To help address British Columbia’s looming skills gap, the province’s jobs ministry intends to spend the next year focusing on younger students. “Our emphasis in the next year or so will be on moving trades training into the early years,” said Shirley Bond, B.C. minister of jobs, tourisim and skills training following a speech at the recent Buildex Vancouver.
“We want to start earlier in giving kids the kinds of opportunities they need to make their career choices.”
This is thanks to the province’s recent budget which allocated $8 million more for training. Bond said the money will be spent on youth programs like ACE IT which give students the chance to try out various trades. The money will be managed through the Industry Training Authority.
Bond also noted that the budget’s new exemptions for the property transfer tax are incentive for new construction.
“I think the best news from the budget is that we have a growing and diverse economy in B.C. which allows us to do things like invest in skills training,” said the minister, adding that B.C. needs to be prepared to meet the labour demands associated with a growing economy.
The minster was at Buildex to announce a new partnership with the Building Owners and Managers Association of British Columbia (BOMA). Bond told attendees that with more than 250 million square feet of commercial space to manage, it is critical for the commercial real estate industry to have the workforce they need to keep hundreds of buildings in the province running smoothly.
The B.C. government is supporting the BOMA Sector Labour Market Partnership Project, which is funded through the Canada-British Columbia Labour Market Development Agreement (LMDA). This project is the first phase of a potentially broader initiative that will help ensure B.C. has the necessary skilled workforce in the commercial real estate industry.
Key organizations in the industry will work together to identify the number of building operator and other skilled worker positions required to maintain commercial buildings throughout B.C. Some of the labour challenges that the commercial real estate industry faces include: a shortage of qualified workers to hire as building operators, workforce attrition, retirement and an increase of commercial spaces within the province.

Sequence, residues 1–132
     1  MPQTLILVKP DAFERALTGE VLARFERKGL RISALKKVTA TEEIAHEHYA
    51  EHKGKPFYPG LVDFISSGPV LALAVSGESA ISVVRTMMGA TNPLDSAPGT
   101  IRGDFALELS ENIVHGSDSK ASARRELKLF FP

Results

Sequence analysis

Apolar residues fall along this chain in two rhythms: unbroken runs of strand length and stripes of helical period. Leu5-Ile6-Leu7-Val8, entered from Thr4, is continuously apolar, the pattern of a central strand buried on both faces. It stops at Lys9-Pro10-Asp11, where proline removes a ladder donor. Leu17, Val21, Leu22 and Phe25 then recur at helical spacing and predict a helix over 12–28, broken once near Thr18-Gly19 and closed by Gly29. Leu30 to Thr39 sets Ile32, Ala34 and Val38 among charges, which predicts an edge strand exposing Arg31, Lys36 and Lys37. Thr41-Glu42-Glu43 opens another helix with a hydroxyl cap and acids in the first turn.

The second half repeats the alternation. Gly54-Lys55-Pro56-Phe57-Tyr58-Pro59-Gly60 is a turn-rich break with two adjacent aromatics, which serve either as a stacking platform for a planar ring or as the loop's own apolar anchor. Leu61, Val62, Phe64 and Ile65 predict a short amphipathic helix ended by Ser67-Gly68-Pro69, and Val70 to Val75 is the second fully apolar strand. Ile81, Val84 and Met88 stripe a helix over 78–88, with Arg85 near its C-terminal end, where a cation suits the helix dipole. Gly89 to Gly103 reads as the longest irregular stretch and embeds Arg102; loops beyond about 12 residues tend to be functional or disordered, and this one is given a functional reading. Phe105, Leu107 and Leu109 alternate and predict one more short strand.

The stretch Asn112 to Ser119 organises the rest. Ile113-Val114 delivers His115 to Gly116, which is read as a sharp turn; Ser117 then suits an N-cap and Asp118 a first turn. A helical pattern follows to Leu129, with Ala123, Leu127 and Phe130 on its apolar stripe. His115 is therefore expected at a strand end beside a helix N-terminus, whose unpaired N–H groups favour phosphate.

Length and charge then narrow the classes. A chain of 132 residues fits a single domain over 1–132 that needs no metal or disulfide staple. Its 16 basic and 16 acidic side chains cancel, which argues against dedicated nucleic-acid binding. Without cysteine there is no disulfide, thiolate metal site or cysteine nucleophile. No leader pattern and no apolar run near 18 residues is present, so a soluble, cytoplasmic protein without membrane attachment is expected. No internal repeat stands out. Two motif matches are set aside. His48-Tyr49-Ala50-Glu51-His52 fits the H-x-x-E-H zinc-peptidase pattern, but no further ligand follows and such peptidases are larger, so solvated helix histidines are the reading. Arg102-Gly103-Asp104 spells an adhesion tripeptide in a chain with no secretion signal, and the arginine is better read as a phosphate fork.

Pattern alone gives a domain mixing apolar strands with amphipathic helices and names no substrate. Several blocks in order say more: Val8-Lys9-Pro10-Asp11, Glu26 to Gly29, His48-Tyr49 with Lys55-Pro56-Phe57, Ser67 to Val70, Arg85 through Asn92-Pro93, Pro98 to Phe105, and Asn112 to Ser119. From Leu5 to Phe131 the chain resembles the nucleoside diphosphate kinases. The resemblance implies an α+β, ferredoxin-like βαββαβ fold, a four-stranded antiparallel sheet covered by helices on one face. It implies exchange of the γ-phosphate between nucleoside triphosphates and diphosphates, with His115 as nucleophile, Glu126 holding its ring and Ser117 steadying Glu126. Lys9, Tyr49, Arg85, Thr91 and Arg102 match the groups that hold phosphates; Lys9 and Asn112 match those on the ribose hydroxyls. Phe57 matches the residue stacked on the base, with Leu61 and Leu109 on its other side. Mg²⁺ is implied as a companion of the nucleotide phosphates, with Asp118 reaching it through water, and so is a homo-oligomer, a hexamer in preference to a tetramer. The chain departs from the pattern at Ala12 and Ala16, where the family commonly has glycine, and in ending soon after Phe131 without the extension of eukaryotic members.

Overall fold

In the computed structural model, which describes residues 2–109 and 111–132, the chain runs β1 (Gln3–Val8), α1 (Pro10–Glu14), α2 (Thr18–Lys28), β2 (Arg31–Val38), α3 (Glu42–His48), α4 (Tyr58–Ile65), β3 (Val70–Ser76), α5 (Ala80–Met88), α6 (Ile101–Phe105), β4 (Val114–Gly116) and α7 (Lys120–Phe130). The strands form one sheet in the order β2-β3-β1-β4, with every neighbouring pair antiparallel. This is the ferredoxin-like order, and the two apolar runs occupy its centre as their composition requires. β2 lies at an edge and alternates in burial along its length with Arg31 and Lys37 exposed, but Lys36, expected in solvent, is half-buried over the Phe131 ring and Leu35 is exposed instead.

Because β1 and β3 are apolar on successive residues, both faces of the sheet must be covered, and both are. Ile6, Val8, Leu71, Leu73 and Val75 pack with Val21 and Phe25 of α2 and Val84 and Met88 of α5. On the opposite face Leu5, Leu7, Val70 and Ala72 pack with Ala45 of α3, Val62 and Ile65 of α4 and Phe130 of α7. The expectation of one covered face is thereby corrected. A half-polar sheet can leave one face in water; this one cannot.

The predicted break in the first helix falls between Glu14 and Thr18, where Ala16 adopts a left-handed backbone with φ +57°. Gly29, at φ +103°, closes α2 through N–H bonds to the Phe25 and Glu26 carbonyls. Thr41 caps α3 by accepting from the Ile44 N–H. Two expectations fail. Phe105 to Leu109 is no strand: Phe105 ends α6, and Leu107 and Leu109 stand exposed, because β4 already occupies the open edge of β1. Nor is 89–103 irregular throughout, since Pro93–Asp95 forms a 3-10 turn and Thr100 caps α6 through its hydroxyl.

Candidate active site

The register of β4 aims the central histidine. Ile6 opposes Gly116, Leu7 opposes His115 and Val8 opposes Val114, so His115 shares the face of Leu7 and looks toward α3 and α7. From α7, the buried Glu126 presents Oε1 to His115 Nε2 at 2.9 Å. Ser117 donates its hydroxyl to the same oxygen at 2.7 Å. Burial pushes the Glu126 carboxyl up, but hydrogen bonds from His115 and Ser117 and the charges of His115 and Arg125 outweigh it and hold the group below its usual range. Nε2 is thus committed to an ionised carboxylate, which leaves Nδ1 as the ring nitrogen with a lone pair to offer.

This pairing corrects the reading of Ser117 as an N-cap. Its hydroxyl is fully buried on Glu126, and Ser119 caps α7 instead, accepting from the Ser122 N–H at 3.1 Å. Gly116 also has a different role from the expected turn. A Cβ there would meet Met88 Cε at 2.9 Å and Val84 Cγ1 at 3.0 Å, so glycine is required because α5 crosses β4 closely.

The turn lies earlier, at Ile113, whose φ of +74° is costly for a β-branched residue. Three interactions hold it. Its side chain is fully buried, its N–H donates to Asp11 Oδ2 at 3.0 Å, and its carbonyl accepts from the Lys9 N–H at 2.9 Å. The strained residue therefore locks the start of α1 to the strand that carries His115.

The Sector Labour Market Partnership Project helps employers understand and respond to changing labour market demands, and ensures that training and education programs in B.C. are aligned with industry’s labour market needs and priorities.
B.C. is expecting almost one million job openings due to retirements and economic growth by 2024. Facility operation and maintenance managers, as well as property administrators for residential and commercial buildings are among the top occupations that will be in high demand in the future, said Bond.
Up to 3,900 job openings in facility operation and maintenance managers, and 6,200 job openings for property administrators are expected in B.C. by 2024. The Skills for Jobs Blueprint was launched in 2014 to help British Columbians get the skills they need to be first in line for these job openings.
The blueprint is re-engineering education and training towards a data-driven system so that funding is directed towards jobs that are in demand. Each year, government invests more than $7.5 billion in education and training from early learning programs for the youngest British Columbians all the way through to post graduate. Over the next 10 years, to better align annual investment to meet emerging labour market needs, the government plans to redirect $3 billion of our training investment to focus on skills and programs for in-demand jobs.